The most appealing facet of the movie to me was the fact that it had no gun-toting, evil-minded villain. There is a sense of humanity and instinct of survival built into every frame. You find yourself rooting for Matt Damon not for some contrived reason (of getting back home to his anxious, forlorn wife or children), but because you want his courage, hope and doggedness to succeed.

Inevitably, this movie will be compared to Appolo 13. Twenty years later, I must admit that I watch reruns of the Ron Howard classic. Appolo 13, however, had too many emotional strings and sentimentality. Martian, on the other had, succeeds with wit and humanity. It is incredibly enjoyable and totally worth watching

Friday, December 19, 2014

Freedom (or lack thereof) of Expression

Earlier today, the FBI formally accused North Korea as the perpetrator of the cyberattack that brought Sony Pictures to its knees resulting in their caving into the demands of pulling the movie The Interview from theaters. This work of fiction has a plot where journalists secure an interview with North Korean dictator, Kim Jon-un. They are subsequently instructed by the CIA to assassinate him. For North Koreans, the plot "touched a nerve inside the regime, which takes a dim view of satirical treatment of its leaders and is notoriously paranoid about perceived threats to their safety." There are a couple of facts in this chain of events that baffles me:
  1. A sophisticated cyberattack (arguably the most damaging attack carried out against an enterprise) was carried out in a country where citizens are thought to lack basic internet access
  2. Hollywood executives reportedly screened the ending of The Interview to the state department and got their "official blessing"
This is certainly not the first controversial film to be made by the film industry. Recently, there was an outcry when the screening of Kamal Hassan's Vishwaroopam was banned in Tamil Nadu because it portrayed Muslims in poor light. This ban, however, was executed by the Government - in the pretext of promoting "Cultural Harmony". If anything, President Obama came out saying that Sony made a mistake in pulling the film. I can't think of any other time in history when the studio capitulated to threats.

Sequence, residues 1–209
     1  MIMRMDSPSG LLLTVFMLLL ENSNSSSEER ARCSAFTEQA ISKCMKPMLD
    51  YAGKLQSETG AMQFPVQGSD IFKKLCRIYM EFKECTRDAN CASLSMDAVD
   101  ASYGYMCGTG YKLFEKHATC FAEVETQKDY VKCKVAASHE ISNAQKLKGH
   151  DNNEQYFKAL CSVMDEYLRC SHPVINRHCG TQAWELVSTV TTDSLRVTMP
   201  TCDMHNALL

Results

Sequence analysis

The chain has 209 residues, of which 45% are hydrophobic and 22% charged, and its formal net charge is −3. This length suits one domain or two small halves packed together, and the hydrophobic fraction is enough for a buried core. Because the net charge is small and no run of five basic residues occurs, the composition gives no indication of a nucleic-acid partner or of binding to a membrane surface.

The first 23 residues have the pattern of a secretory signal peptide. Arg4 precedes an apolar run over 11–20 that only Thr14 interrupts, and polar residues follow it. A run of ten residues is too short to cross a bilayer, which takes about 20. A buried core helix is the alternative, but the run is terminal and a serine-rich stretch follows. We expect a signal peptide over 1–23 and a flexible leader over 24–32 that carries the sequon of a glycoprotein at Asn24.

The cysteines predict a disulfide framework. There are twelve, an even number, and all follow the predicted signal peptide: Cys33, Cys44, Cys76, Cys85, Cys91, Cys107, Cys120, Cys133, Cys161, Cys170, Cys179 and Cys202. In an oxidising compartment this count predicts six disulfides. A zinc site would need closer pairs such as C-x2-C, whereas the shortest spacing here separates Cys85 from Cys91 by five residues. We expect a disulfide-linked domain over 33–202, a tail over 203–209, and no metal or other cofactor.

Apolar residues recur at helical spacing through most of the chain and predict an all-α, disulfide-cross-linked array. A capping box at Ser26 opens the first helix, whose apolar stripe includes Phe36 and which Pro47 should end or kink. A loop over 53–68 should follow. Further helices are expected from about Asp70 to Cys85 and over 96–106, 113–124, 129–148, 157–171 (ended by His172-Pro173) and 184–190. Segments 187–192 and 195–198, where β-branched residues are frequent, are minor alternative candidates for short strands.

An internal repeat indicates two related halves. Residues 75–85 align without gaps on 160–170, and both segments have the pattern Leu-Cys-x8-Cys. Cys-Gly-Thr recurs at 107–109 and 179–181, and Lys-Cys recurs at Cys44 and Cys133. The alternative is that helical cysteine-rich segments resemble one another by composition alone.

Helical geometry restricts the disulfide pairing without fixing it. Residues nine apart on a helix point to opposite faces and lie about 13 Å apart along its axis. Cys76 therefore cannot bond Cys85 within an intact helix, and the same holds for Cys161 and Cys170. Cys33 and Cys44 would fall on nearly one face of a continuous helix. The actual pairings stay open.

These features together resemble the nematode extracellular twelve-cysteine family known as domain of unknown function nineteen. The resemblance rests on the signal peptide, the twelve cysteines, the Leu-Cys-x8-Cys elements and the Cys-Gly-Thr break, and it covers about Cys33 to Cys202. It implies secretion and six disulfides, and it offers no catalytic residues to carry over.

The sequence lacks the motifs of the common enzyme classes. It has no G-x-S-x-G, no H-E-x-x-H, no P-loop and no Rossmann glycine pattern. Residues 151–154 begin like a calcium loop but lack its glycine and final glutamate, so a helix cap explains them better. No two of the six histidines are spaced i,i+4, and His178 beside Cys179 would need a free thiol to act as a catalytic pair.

The Interview was slated to be released on Christmas Day - along with other blockbusters including the final Hobbit film. Despite its decent reviews, it would have been hard to make a huge impact in the BoxOffice. With the pulling of the film, almost every one will want to see it when it is ultimately released.

Friday, November 21, 2014

Starting replication for a very large MySQL database on Amazon EC2

In this post, I will outline steps used to start replication of a very large MySQL database from scratch.

Here is the problem that we faced:
  1. I had set up Master-Slave replication for a MySQL database in the beginning (using the simple steps outlined here)
  2. On both the Master and the Slave server, I had /var/lib/mysql point to an, IOPS optimized, EBS disk
  3. Since this data was very critical, I had set up a cron job to backup the database on the slave server
  4. I was monitoring the Master MySQL server with NewRelic and set up alerts when CPU, Memory or Disk consumption reached certain thresholds
  5. There were three mistakes that I did (for those of you setting this up from scratch):
    • Not setting up NewRelic on the Slave Server
    • Performing the backup on the same EBS disk as the DB partition
    • Not "cleaning up" or archiving older backups
  6. As a result of these mistakes, the Slave EBS disk became full and replication stopped
  7. I was blissfully unaware of this until a few days passed
  8. I cleaned up the Slave EBS disk, but I did not know where or when the replication stopped. So, I could not just resume the replication
At this time, here were the constraints that we were dealing with:
  1. There were already over 10m records in some tables and 60m records in some other tables.
  2. This was a live, production, system - so shutting it down (with a READ LOCK) was not an option
  3. Performing the replication and doing the database back up remained to be critical
  4. This task had to be completed in a few hours - because without it we ran the risk of being exposed
These constraints ruled out:
  1. Following the replication steps in the beginning of this post - since we could not do a READ LOCK
  2. Backing up the Database (on the Master) and restoring on the Slave - this would take too much time